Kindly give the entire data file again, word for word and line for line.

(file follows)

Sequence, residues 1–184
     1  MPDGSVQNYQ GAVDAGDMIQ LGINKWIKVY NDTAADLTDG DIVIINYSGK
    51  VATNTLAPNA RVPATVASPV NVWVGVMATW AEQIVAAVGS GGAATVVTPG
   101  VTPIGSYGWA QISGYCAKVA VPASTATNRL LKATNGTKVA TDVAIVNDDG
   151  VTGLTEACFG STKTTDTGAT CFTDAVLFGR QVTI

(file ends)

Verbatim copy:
Sequence, residues 1–184
     1  MPDGSVQNYQ GAVDAGDMIQ LGINKWIKVY NDTAADLTDG DIVIINYSGK
    51  VATNTLAPNA RVPATVASPV NVWVGVMATW AEQIVAAVGS GGAATVVTPG
   101  VTPIGSYGWA QISGYCAKVA VPASTATNRL LKATNGTKVA TDVAIVNDDG
   151  VTGLTEACFG STKTTDTGAT CFTDAVLFGR QVTI